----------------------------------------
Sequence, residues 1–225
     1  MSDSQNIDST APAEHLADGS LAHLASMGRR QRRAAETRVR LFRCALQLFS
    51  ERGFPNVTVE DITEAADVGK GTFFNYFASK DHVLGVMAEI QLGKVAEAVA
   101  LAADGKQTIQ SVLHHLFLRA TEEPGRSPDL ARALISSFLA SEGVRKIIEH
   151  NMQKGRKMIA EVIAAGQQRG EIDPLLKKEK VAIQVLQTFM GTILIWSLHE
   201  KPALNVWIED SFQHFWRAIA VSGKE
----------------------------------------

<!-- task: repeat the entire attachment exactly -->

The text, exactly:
Sequence, residues 1–225
     1  MSDSQNIDST APAEHLADGS LAHLASMGRR QRRAAETRVR LFRCALQLFS
    51  ERGFPNVTVE DITEAADVGK GTFFNYFASK DHVLGVMAEI QLGKVAEAVA
   101  LAADGKQTIQ SVLHHLFLRA TEEPGRSPDL ARALISSFLA SEGVRKIIEH
   151  NMQKGRKMIA EVIAAGQQRG EIDPLLKKEK VAIQVLQTFM GTILIWSLHE
   201  KPALNVWIED SFQHFWRAIA VSGKE